Knot your average fairy tale
December 6, 2010 —
If you are looking for a movie that matches the classic story of Rapunzel by the Brothers Grimm, you wonít be interested in Tangled.
But, if you are interested in a story with adventure, love and Disney magic ó lots of magic óthen this movie is good for you.
The basics are still there. The evil Mother Gothel (Donna Murphy) steals Rapunzel (Mandy Moore) from the king and queen and stows her away in the tower. Each day Mother Gothel visits using Rapunzelís long golden hair.
But hereís the twist ó Rapunzelís hair glows and has special healing powers when she sings. This is why the witch steals her and raises her as her own.
A criminal named Flynn Rider (Zachary Levi) ends up trying to hide in Rapunzelís tower where he gets hit in the head with a frying pan. Rapunzel decides to let him go and give back the crown he stole only if he will take her to the city to see the lanterns that float in the sky (which, although unknown to her, was to honor the stolen princessí birthday). So, they set out on an adventure that will change Rapunzelís life.
This is a great return to the Disney musical with music by Alan Menken (who wrote the music for The Little Mermaid, Hercules, Aladdin and Beauty and the Beast). The music is enhanced by the voice of Moore.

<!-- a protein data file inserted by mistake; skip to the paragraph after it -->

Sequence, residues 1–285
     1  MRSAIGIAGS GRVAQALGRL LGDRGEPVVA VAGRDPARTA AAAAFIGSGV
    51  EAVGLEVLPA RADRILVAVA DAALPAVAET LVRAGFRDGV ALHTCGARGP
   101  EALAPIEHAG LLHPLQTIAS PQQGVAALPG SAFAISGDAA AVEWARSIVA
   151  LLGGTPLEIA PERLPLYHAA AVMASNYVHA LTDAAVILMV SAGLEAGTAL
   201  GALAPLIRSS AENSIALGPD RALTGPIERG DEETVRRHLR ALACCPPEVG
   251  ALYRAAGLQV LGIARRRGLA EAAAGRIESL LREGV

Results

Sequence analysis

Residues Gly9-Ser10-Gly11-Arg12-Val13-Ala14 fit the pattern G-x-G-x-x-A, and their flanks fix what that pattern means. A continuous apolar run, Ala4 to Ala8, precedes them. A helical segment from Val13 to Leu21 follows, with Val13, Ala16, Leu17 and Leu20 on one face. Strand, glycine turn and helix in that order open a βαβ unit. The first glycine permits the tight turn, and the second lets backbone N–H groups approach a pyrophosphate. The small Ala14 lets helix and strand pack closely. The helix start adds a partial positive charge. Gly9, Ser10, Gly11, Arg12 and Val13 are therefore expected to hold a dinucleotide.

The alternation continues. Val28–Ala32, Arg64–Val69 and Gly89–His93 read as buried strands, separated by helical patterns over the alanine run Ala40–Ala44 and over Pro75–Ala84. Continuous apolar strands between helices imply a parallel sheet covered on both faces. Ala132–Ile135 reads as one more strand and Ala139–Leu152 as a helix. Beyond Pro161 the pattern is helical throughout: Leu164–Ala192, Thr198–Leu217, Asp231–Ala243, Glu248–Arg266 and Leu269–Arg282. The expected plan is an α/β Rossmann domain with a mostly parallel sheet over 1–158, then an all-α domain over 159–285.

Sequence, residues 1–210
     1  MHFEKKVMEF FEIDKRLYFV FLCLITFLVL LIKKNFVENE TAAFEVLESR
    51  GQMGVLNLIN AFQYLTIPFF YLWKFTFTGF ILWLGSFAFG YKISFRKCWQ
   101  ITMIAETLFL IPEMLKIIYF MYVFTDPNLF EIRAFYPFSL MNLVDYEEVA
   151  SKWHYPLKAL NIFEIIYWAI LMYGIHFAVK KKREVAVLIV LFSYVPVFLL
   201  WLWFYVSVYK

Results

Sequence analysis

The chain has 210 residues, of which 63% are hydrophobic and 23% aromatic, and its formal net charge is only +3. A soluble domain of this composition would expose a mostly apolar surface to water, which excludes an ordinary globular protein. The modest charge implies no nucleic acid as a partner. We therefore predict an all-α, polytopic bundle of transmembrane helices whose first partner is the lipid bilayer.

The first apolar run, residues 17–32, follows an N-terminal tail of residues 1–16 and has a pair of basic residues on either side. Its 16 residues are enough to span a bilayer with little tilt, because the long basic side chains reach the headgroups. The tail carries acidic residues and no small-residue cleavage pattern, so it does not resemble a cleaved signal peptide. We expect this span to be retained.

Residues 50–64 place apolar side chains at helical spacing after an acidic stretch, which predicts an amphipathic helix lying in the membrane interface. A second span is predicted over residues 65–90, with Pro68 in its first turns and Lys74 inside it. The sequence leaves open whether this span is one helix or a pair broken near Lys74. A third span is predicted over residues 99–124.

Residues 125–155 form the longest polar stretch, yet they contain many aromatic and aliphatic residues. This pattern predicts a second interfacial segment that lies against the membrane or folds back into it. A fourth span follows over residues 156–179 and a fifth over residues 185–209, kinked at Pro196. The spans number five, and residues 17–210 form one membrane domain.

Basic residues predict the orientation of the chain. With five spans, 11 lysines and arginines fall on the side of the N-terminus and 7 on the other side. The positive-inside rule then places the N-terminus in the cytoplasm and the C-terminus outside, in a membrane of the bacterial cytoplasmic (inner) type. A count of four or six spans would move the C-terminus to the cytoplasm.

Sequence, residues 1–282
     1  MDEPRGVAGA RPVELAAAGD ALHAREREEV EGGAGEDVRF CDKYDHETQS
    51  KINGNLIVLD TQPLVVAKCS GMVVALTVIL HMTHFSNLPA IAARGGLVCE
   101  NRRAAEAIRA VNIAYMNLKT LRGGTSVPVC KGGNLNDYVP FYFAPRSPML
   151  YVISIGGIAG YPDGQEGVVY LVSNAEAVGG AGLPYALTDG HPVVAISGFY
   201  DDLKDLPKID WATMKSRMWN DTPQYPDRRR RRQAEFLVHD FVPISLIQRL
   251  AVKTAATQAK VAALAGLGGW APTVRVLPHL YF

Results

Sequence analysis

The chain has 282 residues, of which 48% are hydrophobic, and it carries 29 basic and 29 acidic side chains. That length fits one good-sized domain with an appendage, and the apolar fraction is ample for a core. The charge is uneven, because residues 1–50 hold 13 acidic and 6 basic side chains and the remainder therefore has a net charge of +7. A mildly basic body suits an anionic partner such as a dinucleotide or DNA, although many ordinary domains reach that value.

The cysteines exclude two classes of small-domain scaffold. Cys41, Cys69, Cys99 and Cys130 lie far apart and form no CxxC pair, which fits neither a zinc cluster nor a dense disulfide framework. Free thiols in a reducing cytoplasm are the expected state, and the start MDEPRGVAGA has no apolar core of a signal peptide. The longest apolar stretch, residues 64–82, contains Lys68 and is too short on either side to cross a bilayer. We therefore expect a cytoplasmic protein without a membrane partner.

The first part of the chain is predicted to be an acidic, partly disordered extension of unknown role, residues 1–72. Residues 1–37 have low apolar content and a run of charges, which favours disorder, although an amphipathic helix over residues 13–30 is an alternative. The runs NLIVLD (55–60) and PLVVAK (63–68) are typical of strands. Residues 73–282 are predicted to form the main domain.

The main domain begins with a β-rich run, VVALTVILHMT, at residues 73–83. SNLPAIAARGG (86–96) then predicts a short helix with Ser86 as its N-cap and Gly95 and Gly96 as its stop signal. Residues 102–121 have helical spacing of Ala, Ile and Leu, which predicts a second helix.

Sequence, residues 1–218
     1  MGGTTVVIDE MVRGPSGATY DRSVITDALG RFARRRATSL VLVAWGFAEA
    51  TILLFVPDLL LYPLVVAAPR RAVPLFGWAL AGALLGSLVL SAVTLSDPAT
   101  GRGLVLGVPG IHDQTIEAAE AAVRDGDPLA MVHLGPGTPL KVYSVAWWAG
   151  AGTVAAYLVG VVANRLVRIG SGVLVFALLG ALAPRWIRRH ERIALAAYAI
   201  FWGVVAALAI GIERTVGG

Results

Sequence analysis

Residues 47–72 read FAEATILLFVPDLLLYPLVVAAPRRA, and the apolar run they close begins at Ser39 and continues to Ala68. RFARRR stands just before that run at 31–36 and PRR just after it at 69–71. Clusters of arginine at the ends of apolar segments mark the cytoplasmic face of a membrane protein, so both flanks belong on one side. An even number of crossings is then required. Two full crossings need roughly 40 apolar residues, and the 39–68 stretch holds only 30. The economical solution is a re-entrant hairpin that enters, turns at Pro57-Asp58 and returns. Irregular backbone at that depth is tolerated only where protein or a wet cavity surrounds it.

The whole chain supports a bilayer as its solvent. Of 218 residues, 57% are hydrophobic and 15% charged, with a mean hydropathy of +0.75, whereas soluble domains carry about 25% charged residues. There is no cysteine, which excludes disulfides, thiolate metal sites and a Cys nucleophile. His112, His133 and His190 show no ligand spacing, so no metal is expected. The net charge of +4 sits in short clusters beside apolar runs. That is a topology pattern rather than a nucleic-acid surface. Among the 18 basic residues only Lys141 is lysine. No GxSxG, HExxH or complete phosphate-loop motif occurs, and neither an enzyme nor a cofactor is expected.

As all classic Disney movies do, there are the comic animal sidekicks ó a horse that acts like a bloodhound and Rapunzelís best friend, a chameleon. Though at times, the horseís abilities get a little out of hand (such as when he duels by holding the sword in his mouth).
And, of course, Tangled fits the formula for a Disney movie: the evil get what they paid for, and the good characters end up living happily ever after (and often getting married).
This story teaches children something, though, that other Disney movies have often missed. In classics such as The Little Mermaid, The Lion King, Hercules and Beauty and the Beast, female characters are always motivated by love and are not happy unless they end up with their true love in the end. Male characters, on the other hand, can be motivated by love, but it is not their main concern (think of Hercules who, despite his love distraction from Meg, spends the movie trying to become a true hero).
Tangled offers a role reversal. Rapunzel seeks love, of course, but from the very beginning seeks adventure and knowledge of the outside world, showing that young girls have more to seek in the world than just love.
Because this movie matches the Disney mold while still offering comedy, entertainment, and appeal for an audience of all ages, this movie deserves an A. It compares with some of the well-loved classics of Beauty and the Beast and The Lion King.